Re: [codec] #16: Multicast?

"Raymond (Juin-Hwey) Chen" <> Sun, 25 April 2010 00:37 UTC

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From: "Raymond (Juin-Hwey) Chen" <>
To: Koen Vos <>, "" <>
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Subject: Re: [codec] #16: Multicast?
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On Saturday, April 24, 2010 at 1:56 PM, Koen Vos Wrote:

> Sure - for certain frame sizes.  But 1 ms frames won't give you 5 ms  
> one-way delay.

Of course not.  That's why I added the sentence: "Even if you use a longer jitter buffer, the one-way delay is still unlikely to go above 100 ms, ..." in that email you quoted. I knew that below a certain threshold of the codec frame size, you most likely want to use more frames of jitter buffer delay, thus my added sentence above.  My main point, though, is not in the exact one-way delay value for a codec with a 5 ms frame size, but rather that with a 5 ms frame size you can get a much lower one-way delay than with a 20 ms frame size.  I don't think anyone can credibly argue that this statement is untrue.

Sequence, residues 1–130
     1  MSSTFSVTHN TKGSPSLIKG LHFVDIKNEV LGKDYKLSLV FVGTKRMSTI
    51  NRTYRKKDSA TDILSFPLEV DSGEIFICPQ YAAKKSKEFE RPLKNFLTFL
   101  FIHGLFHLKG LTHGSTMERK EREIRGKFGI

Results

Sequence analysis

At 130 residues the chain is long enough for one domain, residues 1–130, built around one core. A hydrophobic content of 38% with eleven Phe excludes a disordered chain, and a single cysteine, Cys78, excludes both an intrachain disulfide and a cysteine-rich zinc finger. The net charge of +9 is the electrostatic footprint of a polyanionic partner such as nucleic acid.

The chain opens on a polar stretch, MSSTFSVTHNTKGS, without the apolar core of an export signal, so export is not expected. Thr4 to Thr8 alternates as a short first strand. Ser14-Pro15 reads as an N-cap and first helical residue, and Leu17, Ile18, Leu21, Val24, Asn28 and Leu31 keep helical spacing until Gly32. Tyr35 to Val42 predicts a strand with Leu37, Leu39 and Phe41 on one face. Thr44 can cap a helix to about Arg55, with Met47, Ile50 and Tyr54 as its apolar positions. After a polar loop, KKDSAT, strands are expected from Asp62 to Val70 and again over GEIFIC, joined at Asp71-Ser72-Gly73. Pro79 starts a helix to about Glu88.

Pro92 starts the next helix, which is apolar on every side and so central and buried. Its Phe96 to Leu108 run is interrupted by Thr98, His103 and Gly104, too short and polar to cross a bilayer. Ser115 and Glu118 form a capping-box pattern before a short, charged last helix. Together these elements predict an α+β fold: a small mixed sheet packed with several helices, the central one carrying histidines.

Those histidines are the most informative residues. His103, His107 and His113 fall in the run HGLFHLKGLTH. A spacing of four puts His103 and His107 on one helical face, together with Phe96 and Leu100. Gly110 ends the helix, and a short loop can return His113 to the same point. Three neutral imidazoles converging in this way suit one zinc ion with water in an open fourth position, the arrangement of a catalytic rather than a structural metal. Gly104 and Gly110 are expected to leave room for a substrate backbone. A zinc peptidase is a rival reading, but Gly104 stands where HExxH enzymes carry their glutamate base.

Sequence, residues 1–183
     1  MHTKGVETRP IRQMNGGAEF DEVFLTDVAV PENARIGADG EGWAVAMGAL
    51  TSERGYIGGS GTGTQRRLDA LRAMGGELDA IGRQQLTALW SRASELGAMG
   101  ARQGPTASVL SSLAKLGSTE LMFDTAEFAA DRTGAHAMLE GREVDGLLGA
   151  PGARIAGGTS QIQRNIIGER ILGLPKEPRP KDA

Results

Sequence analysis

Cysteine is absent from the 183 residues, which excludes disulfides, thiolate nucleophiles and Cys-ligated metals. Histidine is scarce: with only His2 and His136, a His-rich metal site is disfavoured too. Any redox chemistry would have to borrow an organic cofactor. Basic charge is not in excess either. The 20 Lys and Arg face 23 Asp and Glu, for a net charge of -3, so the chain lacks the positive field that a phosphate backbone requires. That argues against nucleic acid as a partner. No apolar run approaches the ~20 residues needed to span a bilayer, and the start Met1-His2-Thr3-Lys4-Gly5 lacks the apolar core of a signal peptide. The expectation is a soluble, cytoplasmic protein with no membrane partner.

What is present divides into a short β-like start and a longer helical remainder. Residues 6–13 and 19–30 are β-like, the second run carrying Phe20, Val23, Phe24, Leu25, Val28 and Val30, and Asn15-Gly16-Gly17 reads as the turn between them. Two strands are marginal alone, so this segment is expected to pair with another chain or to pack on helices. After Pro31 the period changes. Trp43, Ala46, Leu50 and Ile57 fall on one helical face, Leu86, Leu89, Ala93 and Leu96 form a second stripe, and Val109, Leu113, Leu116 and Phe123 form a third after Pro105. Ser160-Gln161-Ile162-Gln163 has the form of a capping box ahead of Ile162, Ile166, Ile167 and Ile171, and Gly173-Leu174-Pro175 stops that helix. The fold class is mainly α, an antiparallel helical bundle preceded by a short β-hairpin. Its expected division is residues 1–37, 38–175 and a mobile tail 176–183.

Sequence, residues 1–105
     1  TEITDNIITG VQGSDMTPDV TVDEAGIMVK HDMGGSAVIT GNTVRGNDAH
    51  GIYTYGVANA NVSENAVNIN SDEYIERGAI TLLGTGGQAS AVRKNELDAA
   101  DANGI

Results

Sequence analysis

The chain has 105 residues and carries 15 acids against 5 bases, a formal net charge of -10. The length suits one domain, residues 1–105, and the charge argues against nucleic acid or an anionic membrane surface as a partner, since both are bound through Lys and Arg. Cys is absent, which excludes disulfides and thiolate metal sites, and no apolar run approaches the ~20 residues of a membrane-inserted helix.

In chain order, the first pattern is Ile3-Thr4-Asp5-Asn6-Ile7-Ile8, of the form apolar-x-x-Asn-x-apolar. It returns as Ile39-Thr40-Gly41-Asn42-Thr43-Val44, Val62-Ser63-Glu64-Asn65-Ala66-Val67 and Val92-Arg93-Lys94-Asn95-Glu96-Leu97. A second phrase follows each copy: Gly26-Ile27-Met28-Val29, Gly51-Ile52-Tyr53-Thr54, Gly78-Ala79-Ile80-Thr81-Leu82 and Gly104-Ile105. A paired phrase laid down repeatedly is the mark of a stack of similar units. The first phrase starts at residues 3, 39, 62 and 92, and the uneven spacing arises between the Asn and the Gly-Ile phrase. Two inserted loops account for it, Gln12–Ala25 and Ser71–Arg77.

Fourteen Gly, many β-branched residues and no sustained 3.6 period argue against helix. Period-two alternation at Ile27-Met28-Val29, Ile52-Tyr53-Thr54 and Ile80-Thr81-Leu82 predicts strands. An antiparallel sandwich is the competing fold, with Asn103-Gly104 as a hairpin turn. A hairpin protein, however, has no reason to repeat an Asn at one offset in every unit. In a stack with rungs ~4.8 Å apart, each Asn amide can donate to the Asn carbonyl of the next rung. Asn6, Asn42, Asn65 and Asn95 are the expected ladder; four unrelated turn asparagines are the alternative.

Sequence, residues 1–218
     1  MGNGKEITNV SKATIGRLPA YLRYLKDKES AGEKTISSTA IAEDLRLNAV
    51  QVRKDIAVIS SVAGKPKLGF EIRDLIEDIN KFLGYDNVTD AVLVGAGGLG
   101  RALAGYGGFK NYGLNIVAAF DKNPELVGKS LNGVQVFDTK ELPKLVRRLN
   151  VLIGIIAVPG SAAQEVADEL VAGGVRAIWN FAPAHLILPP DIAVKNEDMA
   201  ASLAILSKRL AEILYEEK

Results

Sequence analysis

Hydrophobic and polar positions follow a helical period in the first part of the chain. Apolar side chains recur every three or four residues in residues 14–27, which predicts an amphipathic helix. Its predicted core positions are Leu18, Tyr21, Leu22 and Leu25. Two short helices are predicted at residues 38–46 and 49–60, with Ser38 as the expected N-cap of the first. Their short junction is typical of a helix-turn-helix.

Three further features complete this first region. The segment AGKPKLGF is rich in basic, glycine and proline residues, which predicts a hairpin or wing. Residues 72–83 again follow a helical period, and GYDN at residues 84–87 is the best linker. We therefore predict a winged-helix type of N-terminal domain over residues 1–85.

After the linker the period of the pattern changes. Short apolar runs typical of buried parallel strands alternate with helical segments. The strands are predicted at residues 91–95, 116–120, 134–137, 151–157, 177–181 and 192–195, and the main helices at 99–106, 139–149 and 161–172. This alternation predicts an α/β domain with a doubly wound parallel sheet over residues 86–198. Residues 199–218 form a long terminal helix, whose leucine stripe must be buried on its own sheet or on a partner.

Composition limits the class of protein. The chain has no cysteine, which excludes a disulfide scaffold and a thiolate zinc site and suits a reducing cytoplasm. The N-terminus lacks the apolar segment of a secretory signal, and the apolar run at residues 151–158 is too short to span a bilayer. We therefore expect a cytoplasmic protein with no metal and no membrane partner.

> For a well-designed system and a typical Internet connection:
> - most delay comes from the network and is not codec related, and
> - one-way delay grows almost linearly with frame size.

Doesn't your last line above contradicts with the second last line? I am a bit confused about what you are trying to say.  

> Afaik, only RTP headers can be compressed between arbitrary Internet  
> end points.  You're still stuck with IP and UDP headers.

I am aware of a header compression technology for VoIP over Cable applications that can compress the header size to a very small fraction of the original size, but it is probably not widely used.